V pointed that the rape is not dealt with directly and B said that circumventing the topic is a sophisticated way of dealing with the topic: it’s a traumatic experience, one of the worst things that can happen to a woman, but yet it’s not the be-all, and end-all of a person’s life.
On narrative structure, Aa asked if it is strange to have the climax of the story in the middle of the book, and V said it is more thrilling after the climax. V also liked the child narrator, arguing that it’s a convincing voice.
How about the ending? Is it a good ending? Ma and Jack treat the room differently; Ma hates it but it is Jack’s world. L wondered if it is an allegory for wanting to return to the mother’s womb.
S views the moral of the story differently. He sees J as a carte blanche using concepts to understand the world: he uses different concepts to deal with situations in the room and in the world. The message of the story is not to have a message.
V ended the discussion by aptly summing up: it’s a feel bad, feel good book, a book that makes you see how awful the world is so that you feel that you’re lucky.
These are some of the topics that Aa had on hand, but there was no chance to bring them up:
-Queerness of Jack
-Sexuality of mother
-why is Old Nick deliberately kept out of the picture?
-psychiatrist and nurse
-Universality of the experience?
-Donoghue says that Room is “a battle between Mary and Devil for young Jesus.” How so?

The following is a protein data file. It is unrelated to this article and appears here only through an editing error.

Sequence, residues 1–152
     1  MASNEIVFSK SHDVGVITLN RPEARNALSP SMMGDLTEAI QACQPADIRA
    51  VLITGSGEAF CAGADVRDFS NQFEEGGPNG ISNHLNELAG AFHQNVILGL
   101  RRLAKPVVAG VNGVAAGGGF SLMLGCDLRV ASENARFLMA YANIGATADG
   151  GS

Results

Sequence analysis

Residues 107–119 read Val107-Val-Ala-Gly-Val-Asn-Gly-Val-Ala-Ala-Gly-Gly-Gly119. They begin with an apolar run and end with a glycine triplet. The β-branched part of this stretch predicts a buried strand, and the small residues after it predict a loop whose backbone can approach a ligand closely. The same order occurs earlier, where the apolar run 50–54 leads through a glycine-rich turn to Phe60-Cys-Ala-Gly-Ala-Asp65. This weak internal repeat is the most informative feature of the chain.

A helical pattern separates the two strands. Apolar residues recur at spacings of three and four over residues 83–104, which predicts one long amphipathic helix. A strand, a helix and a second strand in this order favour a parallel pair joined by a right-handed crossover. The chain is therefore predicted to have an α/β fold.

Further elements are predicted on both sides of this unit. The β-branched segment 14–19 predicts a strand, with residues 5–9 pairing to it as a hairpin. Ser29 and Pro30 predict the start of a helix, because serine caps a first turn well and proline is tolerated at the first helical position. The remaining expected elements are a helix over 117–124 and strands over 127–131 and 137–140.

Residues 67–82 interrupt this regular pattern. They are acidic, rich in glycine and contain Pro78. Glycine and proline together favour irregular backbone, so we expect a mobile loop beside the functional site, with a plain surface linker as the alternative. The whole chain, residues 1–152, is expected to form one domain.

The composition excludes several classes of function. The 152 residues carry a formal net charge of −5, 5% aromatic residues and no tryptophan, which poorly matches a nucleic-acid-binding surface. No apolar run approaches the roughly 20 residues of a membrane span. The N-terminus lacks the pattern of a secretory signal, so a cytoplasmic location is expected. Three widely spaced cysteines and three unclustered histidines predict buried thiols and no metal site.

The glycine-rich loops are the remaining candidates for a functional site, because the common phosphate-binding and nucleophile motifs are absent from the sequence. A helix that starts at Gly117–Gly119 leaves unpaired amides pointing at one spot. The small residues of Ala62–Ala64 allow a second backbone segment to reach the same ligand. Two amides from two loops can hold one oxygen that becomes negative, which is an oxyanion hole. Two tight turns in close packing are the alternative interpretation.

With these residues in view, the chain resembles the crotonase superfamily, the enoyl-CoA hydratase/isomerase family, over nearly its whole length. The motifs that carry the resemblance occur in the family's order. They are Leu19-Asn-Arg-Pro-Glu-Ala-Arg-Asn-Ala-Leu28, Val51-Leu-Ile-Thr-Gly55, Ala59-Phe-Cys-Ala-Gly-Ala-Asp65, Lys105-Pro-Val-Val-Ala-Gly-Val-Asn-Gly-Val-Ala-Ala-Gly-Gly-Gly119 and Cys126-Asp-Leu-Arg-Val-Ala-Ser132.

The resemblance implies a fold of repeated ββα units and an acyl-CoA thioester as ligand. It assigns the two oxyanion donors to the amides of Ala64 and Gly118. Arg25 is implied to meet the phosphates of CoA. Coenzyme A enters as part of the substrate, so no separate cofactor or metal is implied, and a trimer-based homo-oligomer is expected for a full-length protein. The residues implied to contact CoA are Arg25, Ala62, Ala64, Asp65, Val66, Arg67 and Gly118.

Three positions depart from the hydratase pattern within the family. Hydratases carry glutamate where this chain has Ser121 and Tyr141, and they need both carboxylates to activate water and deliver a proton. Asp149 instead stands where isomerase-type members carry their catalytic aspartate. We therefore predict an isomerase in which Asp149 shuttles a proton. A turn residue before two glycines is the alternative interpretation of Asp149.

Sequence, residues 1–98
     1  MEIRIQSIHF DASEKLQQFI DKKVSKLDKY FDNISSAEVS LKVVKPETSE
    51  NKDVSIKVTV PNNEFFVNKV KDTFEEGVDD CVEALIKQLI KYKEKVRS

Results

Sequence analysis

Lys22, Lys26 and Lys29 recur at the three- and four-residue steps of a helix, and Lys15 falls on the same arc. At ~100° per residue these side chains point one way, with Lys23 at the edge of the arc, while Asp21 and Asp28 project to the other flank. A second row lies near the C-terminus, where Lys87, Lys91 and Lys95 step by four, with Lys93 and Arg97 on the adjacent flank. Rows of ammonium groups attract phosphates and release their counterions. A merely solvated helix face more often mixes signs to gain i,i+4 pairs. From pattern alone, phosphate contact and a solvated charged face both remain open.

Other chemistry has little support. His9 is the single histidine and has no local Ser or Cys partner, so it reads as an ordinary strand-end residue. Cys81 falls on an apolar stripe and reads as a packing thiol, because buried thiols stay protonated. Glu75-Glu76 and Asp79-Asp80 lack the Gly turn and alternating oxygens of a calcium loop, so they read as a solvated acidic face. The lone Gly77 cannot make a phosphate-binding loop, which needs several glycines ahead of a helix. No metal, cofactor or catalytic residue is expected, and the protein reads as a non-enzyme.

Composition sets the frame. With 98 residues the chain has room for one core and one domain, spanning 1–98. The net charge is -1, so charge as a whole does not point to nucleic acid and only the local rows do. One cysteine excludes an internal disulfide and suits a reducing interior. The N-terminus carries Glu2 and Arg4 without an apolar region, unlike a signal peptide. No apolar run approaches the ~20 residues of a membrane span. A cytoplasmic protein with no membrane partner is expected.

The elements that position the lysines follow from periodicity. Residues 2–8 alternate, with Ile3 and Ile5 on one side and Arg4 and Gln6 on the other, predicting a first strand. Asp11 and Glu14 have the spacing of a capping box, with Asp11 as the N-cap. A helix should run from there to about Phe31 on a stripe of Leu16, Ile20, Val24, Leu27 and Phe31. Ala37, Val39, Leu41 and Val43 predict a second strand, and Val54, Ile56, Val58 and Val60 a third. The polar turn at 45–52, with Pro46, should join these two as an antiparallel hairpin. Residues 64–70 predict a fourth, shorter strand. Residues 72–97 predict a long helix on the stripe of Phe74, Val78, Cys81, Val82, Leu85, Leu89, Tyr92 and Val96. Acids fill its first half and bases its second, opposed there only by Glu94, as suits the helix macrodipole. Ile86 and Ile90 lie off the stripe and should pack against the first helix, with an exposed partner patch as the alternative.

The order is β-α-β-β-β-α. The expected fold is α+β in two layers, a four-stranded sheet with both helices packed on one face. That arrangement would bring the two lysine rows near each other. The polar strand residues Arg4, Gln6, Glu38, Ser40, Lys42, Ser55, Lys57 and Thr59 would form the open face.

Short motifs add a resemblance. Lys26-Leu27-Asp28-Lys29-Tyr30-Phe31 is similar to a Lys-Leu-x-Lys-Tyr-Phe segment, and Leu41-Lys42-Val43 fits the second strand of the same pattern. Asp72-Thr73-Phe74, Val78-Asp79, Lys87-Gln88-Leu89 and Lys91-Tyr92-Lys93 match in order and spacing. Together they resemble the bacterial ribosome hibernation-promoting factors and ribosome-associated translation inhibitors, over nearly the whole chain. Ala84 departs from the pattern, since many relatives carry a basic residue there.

-Room is inspired by Austrian case of Josef Fritzl, who locked up his own daughter whose son escaped at age of 5. James Wood, New Yorker critic, said this adaptation is “exploitative and a little cheap.” “The real victim’s imaginings and anxieties,” Wood argues, “must have been abysmal, in the original sense (unimaginable, bottomless), and the novel’s sure-footed appropriation of this unknowability seems offensive precisely in its sure-footness.” Jack’s cheerfulness and charm “lend the book an inappropriate lightness.” Do you agree with him?
This discussion note is written by Brian (who blogs at Foreign Influence).
Attending: Raj, Alexius, Paul (a first-timer), Sharad, Brian, and Dominic
Bastard out of Carolina is a difficult book to finish. The Boatwright family in 1950s/1960s Greenville County, South Carolina—kinship, poverty, violence, abuse, humiliation, self medication, criminality, illegitimacy, and constant questions of beauty and ugliness. For some of us, the book was too traumatic to read without multiple breaks. For some, it was overly complicated or unnecessarily melodramatic in places. For others, the pace of the book was distracting: too many leaps or slow lags without a steady narrative. Even after some of us did manage to finish reading, we kept returning to questions of realism, silence, characterization, and the place of this book in American gay culture. The book did lead to some arguments—even about the weather in that part of the Southern United States.
Brian and Raj very much liked Bastard and the responses it evoked, even though Raj thought characters aged too quickly within the novel’s pace and Brian thought the novel could have developed some racial themes more fully.
Sharad and Dominic were generally positive, although more ambivalent toward the believability of the story and skeptical about the moral of the tale. Dominic summed the book’s message up as “Don’t be poor.” He didn’t like the presentation of that message.